How to Promote Social Interaction Among Children

One of the benefits of public school is socialization. While kids may not (probably won’t) remember the molecular structure of a cell, they’ll definitely remember being bullied. They’ll recall who was kind in their times of need. And they’ll build core memories around the adults who helped facilitate positive interactions during their formative years. Fortunately, there are plenty of steps you can take to help kids build social skills.

1. Get Them Onto the Playground

One of the fastest and easiest ways to get kids to interact more with each other is to get them outside. Recess and lunchtime breaks are being shortened in schools in the interest of more academics. This shift has likely contributed to the decline in kids’ social skills, and it doesn’t even come with an increase in academic performance. If you can do one thing at school or home to help kids, it will be to petition for more time outside.

At schools and in parks, allowed to play freely on structures, with minimal supervision, kids figure things out. They make friends, they resolve conflict, and they use their imaginations together. Great play structures and even clean, functioning swing sets can foster creativity and conversation. So, whether you’re a teacher or a parent, talk to your administrators or parks and recreation department. Do what you can to get kids outside and get play equipment for them to play and socialize on.

2. Get to Know Their Interests and Engage Them

Often, parents and teachers take a top-down approach with kids. Instead of engaging kids on their level and discovering the kids’ interests, adults decide what kids will do and play with. This tactic may be efficient, but it often shuts down the kids who care about different subjects. Those kids can become more introverted and reclusive, which makes them less likely to socialize.

You can switch things up by asking open-ended questions and encouraging children to communicate. Share with them your own “weird” interests, and ask them to share with you. From there, you can introduce materials that feed their interests. They can connect with other kids who have similar passions, and they can build small communities. When you show kids, and their peers, that there are very few unacceptable topics, you foster openness and empathy.

3. Read Aloud to Create Empathy

For one reason or another, parents and teachers often stop reading aloud to kids at a certain age. Once kids can read on their own, they typically get sent into silent reading or assigned reading homework. And while you can assign essays and even have class discussions, something is missing. Children stop having the shared experience of empathy for a character in a book, fiction or nonfiction. Reading becomes work, rather than communal, and the joy often disappears.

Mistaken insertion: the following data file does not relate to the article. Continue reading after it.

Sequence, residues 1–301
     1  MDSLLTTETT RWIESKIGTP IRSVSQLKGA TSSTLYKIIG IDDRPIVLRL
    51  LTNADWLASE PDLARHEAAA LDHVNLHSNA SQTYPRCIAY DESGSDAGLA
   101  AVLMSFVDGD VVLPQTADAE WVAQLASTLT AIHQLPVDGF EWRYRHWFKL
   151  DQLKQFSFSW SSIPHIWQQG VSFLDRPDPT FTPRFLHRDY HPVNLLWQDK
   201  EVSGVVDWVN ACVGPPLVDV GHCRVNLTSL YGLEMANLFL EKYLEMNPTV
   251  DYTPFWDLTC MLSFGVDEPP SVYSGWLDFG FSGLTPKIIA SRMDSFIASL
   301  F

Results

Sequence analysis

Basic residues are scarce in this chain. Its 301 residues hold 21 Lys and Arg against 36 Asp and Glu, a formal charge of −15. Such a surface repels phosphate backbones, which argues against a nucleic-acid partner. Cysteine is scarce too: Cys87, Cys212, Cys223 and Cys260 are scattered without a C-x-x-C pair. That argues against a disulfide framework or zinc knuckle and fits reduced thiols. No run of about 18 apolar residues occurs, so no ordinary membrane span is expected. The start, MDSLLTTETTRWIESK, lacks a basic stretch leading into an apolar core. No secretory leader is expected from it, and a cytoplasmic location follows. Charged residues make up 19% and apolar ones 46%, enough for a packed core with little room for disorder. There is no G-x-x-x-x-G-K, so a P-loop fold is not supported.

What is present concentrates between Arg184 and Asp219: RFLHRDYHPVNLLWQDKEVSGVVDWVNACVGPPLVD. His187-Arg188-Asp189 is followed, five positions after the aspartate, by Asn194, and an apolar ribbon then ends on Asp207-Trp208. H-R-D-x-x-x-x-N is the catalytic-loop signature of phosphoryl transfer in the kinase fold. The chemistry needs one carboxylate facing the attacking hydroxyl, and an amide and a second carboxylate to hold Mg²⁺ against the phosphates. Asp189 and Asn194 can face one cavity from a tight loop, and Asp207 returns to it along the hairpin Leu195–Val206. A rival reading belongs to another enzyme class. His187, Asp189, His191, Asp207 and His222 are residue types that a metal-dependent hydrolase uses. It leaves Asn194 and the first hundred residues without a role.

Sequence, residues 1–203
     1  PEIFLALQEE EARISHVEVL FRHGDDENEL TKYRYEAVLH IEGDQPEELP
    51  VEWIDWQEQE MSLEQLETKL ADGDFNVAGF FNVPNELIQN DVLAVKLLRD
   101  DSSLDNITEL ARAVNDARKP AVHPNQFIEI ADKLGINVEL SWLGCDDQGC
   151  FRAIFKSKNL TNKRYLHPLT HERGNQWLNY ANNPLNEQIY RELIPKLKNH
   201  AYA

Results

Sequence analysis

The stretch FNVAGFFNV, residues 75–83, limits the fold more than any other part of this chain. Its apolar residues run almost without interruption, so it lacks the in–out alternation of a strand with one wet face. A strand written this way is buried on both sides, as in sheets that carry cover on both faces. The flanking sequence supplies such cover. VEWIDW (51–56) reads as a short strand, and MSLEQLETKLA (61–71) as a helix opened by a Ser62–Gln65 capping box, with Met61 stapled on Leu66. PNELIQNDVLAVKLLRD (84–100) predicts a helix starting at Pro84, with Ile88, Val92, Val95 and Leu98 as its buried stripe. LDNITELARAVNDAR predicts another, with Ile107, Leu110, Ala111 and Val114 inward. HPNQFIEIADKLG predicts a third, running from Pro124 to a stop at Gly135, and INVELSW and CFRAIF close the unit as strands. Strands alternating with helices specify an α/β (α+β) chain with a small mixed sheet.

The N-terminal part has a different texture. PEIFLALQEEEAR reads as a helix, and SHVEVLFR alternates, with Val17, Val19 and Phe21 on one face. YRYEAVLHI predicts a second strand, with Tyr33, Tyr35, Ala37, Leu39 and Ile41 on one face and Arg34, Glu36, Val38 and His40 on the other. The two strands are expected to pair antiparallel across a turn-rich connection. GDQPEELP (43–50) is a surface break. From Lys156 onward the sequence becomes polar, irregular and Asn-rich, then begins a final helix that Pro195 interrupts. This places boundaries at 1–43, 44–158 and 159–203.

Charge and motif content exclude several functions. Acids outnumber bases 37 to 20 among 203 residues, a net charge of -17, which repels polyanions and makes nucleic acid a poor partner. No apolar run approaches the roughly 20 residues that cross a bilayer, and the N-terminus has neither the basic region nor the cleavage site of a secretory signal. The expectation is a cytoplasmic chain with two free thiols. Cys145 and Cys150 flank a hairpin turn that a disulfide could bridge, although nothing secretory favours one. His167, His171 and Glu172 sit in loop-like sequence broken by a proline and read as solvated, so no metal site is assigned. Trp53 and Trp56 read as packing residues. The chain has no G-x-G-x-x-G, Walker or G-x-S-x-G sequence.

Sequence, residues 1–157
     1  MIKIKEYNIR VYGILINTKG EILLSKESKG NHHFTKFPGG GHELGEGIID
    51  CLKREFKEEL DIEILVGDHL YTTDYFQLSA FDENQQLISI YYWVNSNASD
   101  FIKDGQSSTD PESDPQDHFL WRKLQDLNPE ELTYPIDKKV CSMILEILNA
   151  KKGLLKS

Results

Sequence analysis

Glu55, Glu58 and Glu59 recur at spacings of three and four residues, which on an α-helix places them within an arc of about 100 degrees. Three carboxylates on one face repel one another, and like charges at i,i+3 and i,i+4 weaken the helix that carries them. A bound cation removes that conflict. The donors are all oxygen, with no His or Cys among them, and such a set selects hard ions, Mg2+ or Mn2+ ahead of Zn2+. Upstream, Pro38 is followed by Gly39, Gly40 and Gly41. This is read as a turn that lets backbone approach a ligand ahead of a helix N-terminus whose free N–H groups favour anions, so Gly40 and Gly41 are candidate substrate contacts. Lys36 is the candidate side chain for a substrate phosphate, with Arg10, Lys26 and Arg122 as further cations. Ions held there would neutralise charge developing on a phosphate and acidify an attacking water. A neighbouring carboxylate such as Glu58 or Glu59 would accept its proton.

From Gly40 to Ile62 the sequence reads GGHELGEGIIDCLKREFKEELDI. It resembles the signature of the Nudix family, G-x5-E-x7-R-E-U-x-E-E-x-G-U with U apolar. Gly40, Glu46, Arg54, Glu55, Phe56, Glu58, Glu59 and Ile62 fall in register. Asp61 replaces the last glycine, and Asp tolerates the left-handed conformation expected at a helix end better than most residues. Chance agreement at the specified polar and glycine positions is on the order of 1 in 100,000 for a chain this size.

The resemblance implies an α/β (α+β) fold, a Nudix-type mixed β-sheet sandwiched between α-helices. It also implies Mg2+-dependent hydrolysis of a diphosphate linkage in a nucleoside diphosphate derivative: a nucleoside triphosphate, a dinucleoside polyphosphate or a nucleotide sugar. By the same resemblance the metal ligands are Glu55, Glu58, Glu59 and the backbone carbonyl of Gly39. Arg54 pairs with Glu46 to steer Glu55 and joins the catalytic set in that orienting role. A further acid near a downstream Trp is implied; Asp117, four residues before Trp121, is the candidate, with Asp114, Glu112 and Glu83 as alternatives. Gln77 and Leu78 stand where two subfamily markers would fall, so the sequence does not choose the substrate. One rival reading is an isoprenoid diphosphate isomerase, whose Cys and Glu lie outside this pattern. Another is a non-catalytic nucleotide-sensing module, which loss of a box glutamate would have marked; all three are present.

Since ample studies show that reading promotes empathy, it is essential to keep reading a social interaction. When you read aloud, the process can become a social, rather than an individual, experience. Children build language skills and learn to actively listen better. They also develop an awareness of a world, and people, outside of themselves. These kids are less likely to shut others out or become bullies and instead may help those in need and make friends.

4. Rethink Your Approach to Teamwork and Discipline

There has been a shift in recent decades to make everyone a winner and have little to no consequences. Negative behavior is often mollified rather than punished, and kids who excel are frequently lumped in with everyone else. This approach can encourage negative behaviors and discourage positive ones. More negative behavior causes more disruption, which leads to less positive social interaction.

As a parent or teacher, you have the power to change this reality. Hold disruptive children responsible for their actions. And introduce special and individual rewards for hard work and community organizing. You can create teams in your classroom where higher achieving children work with kids who are struggling. Then, offer rewards for good leadership and teamwork. Now you’ll have a classroom of children excited to help and learn from each other, celebrated for their good work and behavior.

5. Model and Create Safe Spaces

Another side effect of holding disruptive kids responsible is that you create a safe space for other children. You’re even creating a safe space for the disruptive child. Set boundaries for acceptable behavior and natural consequences when those boundaries are crossed. Discuss those boundaries and consequences and why they’re important. Get everyone on board, as a team, so kids feel safe to come out of their shells, use their voices, and engage with others.

Then, make sure you’re modeling the behavior you expect. Show them what it means to be kind by inviting another teacher and their classroom to share space with you for an hour. Apologize and hold yourself accountable when you make mistakes and cross boundaries. Children learn what they see, and whether you’re a teacher or a parent, you are a powerful influence. Use your power for good.

In the end, children are naturally curious and social. Humans want to feel connected to others, they want to express themselves, and they want to be seen. This longing begins in childhood, and adults can either foster it or shut it down. From getting kids outside to reading aloud and modeling, you have an opportunity to help this development along. Be brave and show kids how it’s done. They will be so grateful you did.

Written by Eric

37-year-old who enjoys ferret racing, binge-watching boxed sets and praying. He is exciting and entertaining, but can also be very boring and a bit grumpy.